For old dogs who aren't able or willing to climb into big boxes, use a smaller box that he can easily stuff his snout into... or take a big box and cut one side out nearly to the ground, to make it easier for him to enter the box.

Cleaning up after this game can be a little messy but it sure is fun to watch your dog enjoy himself so thoroughly!

General Food Game Tips

  • Be patient and give your dog time to learn the game. Some will catch on faster than others. Always start teaching him the game with something easy and only gradually make it harder when he shows he understands. Use lots of encouragement and praise.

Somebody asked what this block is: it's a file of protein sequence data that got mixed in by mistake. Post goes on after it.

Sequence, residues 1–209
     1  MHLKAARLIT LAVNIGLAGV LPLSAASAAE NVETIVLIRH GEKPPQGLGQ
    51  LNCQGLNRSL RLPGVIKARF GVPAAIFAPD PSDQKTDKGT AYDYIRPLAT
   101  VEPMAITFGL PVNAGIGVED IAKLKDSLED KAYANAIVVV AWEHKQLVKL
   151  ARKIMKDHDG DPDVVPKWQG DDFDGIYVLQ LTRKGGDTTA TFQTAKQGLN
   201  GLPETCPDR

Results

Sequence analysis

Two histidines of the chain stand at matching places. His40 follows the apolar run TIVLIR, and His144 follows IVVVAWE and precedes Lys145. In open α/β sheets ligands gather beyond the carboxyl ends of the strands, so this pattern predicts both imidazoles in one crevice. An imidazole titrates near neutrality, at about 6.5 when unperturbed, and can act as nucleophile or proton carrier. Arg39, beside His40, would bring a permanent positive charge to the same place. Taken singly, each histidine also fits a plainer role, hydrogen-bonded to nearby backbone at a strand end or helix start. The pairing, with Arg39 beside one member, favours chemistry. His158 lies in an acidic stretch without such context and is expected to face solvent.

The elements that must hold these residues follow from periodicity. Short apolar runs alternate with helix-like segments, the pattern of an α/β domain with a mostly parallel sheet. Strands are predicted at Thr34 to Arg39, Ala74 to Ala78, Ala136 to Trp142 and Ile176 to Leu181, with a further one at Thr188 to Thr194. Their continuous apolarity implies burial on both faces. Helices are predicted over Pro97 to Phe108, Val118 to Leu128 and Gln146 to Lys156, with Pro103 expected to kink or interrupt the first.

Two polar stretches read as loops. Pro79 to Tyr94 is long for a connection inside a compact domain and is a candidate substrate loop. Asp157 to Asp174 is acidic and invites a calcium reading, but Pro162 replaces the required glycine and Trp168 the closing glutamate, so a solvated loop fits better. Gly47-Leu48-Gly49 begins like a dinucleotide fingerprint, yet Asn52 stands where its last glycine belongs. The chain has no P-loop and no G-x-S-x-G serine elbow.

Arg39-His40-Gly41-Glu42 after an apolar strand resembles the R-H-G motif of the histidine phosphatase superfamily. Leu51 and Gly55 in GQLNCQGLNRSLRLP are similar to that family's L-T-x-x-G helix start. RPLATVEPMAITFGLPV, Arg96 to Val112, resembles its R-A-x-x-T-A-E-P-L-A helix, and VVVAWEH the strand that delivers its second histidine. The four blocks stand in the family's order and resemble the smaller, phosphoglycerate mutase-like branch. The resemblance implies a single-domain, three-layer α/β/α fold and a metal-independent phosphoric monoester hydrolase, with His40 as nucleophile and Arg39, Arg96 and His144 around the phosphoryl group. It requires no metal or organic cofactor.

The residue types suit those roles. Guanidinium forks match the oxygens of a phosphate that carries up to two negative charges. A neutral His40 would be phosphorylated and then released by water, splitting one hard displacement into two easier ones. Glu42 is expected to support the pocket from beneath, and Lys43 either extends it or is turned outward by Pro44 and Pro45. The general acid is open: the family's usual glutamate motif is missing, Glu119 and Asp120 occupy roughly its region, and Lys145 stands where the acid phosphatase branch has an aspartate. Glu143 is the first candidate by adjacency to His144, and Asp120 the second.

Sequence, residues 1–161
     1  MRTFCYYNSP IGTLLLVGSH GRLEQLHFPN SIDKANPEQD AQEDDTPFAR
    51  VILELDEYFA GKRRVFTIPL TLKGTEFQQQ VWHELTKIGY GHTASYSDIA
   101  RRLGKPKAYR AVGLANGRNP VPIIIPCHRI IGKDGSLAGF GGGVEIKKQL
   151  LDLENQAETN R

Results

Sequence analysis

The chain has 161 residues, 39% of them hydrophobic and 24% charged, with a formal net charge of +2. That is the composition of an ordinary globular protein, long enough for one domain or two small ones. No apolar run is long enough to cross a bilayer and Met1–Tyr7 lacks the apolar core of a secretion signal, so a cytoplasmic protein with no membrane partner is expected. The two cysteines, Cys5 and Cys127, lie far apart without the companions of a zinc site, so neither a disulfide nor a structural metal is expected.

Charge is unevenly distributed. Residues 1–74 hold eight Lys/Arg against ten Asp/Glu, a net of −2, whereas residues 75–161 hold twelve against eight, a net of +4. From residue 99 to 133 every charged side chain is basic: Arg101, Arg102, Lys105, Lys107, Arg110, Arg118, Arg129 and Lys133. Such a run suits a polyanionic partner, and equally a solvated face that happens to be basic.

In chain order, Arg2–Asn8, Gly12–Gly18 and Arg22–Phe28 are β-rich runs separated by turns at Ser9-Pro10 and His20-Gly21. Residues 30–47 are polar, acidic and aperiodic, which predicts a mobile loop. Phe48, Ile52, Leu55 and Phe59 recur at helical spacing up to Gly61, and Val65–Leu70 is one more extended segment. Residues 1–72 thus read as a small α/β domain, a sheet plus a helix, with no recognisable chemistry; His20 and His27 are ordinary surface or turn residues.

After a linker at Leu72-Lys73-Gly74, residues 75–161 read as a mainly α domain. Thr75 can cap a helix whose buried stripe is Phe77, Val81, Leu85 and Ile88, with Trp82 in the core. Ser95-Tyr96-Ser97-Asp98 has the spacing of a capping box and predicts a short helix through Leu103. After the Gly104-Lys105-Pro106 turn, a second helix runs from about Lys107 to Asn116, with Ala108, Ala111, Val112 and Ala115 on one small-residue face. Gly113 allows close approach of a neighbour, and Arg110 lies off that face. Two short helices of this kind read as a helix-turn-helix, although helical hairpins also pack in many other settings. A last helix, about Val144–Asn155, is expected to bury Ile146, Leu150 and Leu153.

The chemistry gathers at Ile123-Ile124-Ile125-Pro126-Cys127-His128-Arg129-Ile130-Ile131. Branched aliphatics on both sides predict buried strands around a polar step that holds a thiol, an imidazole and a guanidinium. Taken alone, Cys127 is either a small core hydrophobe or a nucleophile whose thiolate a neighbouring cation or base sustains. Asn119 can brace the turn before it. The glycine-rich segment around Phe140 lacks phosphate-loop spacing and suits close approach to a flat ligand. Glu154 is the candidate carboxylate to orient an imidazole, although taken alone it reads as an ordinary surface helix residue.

• Vary up the types of food or treats you use, to keep your dog's interest high. You can also include a few 'high-value' treat tidbits among the regular food you use for your games.

  • Use smellier treats if your dog is having trouble sniffing them out.

  • Ask your dog to sit as you prepare the game. You can also put him in another room and tell him to wait, then release him when the game is ready.

  • Remember to include the food used in these games as part of your dog's daily food intake (otherwise, he could end up getting rather tubby). If you like, you can even feed your dog his entire meal during a game!

  • For another change of pace, you can try one of the many food puzzles available for dogs. They're another fun way to add variety to your dog's games.

 

"It is not how much we have, but how much we enjoy, that makes happiness."
(Charles Spurgeon)